lucy24 - 10:04 am on Aug 10, 2011 (gmt 0)
Historically, no. Two of the most striking distinctions between British and American English-- the treatment of postvocalic "r" * and the pronunciation shift of short "a"-- are British innovations that occured after the dialects split. So American English is phonetically more conservative. (The same applies to several differences between Latin American and European Spanish.)
Most rules of spelling and punctuation did not became standardized until long after the dialects diverged. Like, er, standardize vs. -ise. A lot of things you think of as being carved in stone didn't take on their current form until late in the 19th century.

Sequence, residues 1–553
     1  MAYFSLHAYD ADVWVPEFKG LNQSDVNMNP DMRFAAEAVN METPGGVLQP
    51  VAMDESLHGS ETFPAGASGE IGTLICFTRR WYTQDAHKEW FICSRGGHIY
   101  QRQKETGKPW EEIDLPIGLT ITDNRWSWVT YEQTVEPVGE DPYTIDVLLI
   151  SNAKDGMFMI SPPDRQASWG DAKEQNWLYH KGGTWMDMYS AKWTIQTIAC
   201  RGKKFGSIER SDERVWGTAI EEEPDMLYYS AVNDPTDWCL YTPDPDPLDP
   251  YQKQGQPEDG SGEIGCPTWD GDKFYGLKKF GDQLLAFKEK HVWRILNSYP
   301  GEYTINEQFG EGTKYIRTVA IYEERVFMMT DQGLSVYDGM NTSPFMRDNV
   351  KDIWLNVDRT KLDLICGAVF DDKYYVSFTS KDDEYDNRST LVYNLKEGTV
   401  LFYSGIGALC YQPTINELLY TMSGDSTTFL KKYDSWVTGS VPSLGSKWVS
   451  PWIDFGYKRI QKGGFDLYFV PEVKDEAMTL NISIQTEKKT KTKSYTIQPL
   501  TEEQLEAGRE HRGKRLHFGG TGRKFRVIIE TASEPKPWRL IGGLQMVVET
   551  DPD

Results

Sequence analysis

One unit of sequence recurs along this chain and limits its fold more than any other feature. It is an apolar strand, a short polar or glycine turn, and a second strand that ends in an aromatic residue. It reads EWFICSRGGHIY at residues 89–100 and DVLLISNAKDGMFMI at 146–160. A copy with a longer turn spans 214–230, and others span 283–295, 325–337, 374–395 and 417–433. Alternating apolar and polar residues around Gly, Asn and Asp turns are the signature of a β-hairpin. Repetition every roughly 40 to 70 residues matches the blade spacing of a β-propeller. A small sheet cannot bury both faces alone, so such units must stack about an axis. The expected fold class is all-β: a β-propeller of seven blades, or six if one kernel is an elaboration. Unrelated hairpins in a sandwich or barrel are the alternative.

And that's not even getting into the differing terminology for things that didn't exist in 1507 or 1620 or 1783 or whatever you're setting as your cutoff.
Use the English dialect you're comfortable with and that you're most likely to write correctly within its own rules.
* In, ahem, English English. As opposed to, say, for example, Scots English.